It’s an NBA truism that defense wins championships. Anyone who watched this year’s finals was reminded incessantly that the Celtics and Warriors were #1 and #2 in defensive efficiency in the regular season. Even casual fans can tell you that 19 of the last 20 championship teams were top-ten defensive teams. But there is less to those facts than meets the eye.
One issue is that an arbitrary ranking cutoff can be misleading. Sometimes the 10th best team is a lot better than the 11th best team, in other years the difference is rounding error. But the bigger problem is that there are simply too few championships in modern NBA history to establish any reliable pattern. Even going back 20 years is a stretch, given changes in rules and playing styles, and the difference between winning and losing a championship can be as idiosyncratic as a tweaked ankle or a shot rimming out.
A more fruitful approach is to recognize that winning a championship requires winning four consecutive playoff series, and to look for factors that consistently contribute to playoff success. That approach increases the sample size by a factor of 15, facilitating systematic analysis. And it leads to a rather surprising conclusion. In the modern NBA, offense contributes more than defense to winning in the playoffs.
Put aside the conventional wisdom and look at the facts. Over the past decade, teams that scored more points per 100 possessions in the regular season won 68 percent of playoff series (102-of-150). By comparison, teams that allowed fewer points won just 58 percent (87-of-150). (I’ve used offensive and defensive ratings from basketball-reference.com; nba.com has slightly different numbers because they estimate possessions differently.)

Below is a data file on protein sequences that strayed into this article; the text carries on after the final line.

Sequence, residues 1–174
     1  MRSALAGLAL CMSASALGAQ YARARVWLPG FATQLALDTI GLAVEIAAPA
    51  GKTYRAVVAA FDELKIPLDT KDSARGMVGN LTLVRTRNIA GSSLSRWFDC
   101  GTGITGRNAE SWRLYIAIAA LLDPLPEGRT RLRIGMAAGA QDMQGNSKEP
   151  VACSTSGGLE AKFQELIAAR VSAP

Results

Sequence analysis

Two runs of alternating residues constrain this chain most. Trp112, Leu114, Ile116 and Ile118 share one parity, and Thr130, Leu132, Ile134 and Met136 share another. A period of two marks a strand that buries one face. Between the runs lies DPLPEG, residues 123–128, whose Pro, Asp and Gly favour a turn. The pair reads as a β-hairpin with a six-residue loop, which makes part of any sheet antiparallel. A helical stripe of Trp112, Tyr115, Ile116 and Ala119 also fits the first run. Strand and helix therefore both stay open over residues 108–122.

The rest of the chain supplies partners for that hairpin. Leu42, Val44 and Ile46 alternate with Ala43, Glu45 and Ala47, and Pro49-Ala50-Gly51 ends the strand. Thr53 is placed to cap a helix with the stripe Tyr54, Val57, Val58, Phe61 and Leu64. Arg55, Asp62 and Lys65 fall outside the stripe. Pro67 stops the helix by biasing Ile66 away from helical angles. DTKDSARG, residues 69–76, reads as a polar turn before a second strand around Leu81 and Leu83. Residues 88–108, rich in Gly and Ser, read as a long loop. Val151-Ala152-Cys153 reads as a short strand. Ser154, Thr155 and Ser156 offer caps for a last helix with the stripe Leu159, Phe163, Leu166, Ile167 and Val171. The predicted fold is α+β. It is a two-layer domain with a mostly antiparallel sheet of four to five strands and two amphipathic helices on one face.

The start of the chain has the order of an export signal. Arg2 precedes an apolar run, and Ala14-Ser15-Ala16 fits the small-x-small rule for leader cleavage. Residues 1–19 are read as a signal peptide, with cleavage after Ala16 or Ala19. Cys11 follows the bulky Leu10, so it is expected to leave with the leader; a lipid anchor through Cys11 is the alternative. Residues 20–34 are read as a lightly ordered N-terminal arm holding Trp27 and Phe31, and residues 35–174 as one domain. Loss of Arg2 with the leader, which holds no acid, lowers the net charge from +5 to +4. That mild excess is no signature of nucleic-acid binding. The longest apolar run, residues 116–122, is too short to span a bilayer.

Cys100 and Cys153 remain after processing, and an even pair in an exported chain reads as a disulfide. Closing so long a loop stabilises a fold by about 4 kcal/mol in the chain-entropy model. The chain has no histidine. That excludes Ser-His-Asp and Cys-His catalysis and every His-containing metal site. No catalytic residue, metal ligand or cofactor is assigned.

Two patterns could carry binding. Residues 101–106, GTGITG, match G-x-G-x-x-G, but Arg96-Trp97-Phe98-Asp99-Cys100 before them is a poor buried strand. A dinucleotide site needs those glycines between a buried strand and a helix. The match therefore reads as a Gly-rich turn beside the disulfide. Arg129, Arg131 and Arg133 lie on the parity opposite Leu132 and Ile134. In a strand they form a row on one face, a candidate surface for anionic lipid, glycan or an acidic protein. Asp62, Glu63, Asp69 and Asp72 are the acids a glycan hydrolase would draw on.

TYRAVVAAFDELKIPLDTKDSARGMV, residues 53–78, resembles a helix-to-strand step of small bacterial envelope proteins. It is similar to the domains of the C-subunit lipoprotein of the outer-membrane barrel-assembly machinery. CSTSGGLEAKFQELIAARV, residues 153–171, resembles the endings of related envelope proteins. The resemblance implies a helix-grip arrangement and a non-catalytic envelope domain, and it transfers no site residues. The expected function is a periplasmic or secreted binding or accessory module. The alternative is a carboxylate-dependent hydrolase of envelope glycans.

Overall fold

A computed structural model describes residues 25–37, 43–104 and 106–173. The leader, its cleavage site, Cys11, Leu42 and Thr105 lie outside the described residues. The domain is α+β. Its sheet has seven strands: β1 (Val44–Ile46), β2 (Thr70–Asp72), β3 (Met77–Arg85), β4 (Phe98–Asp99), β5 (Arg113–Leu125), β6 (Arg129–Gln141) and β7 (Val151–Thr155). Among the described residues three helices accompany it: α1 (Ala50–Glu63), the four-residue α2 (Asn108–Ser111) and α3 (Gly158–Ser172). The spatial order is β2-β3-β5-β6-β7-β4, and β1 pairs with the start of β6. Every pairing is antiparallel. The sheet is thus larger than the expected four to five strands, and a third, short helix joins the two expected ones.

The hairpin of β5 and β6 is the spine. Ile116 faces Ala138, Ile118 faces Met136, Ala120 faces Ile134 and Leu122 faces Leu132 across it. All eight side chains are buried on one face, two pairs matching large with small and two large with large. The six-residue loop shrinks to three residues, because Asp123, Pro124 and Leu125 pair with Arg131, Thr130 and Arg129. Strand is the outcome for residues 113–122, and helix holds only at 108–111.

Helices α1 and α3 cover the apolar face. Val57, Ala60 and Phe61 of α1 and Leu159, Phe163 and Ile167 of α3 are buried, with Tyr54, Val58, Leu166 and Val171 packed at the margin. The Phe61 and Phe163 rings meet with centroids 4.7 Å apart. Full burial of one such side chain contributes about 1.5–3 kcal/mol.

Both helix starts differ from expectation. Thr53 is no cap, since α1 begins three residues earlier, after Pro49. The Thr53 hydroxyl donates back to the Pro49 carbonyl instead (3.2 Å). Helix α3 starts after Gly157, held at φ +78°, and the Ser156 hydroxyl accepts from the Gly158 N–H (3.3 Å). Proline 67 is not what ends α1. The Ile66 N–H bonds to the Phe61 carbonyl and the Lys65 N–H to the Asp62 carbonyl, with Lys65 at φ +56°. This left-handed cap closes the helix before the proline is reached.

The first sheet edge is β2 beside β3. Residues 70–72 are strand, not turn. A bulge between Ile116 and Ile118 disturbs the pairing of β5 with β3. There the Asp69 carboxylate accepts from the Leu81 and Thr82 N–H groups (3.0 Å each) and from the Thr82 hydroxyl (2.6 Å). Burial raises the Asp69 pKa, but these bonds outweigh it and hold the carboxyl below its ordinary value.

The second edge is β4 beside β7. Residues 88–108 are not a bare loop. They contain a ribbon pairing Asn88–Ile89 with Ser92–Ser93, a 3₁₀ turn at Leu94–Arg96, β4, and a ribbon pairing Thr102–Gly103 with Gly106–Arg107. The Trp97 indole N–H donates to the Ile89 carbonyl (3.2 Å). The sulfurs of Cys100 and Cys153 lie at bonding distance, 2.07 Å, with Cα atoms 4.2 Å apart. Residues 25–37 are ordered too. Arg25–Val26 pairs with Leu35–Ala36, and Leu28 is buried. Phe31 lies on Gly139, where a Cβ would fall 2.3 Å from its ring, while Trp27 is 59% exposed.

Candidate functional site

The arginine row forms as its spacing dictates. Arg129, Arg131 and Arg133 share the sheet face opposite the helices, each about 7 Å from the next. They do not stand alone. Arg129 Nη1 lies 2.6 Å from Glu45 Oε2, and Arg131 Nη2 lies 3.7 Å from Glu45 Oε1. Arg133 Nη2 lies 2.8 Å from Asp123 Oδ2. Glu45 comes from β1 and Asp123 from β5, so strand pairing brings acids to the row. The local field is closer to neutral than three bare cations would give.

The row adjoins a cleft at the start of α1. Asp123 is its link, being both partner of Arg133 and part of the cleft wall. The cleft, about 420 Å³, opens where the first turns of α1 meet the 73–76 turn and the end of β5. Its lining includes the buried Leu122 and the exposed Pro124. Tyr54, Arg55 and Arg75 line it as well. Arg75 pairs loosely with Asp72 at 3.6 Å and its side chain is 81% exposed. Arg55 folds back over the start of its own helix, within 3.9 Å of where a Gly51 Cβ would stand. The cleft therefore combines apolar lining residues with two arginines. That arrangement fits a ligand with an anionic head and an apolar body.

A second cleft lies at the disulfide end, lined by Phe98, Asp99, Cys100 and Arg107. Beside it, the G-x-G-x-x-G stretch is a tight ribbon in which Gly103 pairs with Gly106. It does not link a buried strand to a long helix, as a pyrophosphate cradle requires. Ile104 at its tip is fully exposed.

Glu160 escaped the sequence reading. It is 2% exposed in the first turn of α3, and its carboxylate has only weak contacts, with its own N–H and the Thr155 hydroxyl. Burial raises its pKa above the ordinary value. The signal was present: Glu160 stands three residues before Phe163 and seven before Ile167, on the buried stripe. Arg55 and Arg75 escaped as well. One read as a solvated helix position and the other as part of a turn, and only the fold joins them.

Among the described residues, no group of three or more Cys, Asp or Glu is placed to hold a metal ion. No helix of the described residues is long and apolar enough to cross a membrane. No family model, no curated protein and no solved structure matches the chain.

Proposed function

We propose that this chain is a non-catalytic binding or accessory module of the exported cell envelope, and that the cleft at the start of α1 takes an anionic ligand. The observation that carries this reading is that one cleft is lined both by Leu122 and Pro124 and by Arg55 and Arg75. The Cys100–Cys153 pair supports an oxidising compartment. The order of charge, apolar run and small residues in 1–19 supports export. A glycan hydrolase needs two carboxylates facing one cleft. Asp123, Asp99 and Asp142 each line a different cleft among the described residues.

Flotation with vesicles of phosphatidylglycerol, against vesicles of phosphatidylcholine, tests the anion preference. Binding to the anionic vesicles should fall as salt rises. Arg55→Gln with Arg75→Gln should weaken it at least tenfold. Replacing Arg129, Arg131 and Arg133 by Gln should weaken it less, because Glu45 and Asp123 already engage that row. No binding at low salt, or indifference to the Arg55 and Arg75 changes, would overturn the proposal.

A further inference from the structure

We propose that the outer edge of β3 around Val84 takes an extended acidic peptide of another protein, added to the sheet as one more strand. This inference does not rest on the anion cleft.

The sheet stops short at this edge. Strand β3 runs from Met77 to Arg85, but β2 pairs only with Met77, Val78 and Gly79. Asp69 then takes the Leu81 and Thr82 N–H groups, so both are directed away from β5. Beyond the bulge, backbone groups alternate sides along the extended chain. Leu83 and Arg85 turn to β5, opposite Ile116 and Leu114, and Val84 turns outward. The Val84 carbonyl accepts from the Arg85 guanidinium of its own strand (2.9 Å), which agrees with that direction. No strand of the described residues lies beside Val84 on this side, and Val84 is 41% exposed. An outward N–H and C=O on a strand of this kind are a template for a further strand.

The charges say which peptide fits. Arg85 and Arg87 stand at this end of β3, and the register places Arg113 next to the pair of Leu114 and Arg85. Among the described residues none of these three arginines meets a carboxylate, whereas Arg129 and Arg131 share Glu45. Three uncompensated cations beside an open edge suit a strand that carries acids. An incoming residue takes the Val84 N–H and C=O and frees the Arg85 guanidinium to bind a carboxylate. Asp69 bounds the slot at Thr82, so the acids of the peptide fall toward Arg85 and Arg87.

This simple comparison takes no account of how much better a given team was on either side of the ball. It also takes no account of homecourt advantage, which skews results in favor of higher-seeded teams even when they are evenly matched. Taking simultaneous account of those factors (using multiple regression analysis) provides a more reliable estimate of the relative impact of offensive and defensive efficiency.
The results indicate that, in a playoff series between two evenly matched teams, the team with homecourt advantage wins about 64 percent of the time. That’s a huge advantage, belying the notion that a good team can coast through the regular season without worrying about playoff seeding.
After allowing for the impact of seeding, every additional point of regular season offensive efficiency increases a team’s probability of winning a playoff series by 4.3 percentage points. That estimated impact is about 50 percent greater than the corresponding impact of an additional point of defensive efficiency, 2.8 percentage points. Put another way, it requires 5.1 points of additional defensive efficiency, but only 3.3 points of additional offensive efficiency, to compensate for homecourt advantage in a playoff series. In recent seasons the difference has been even larger...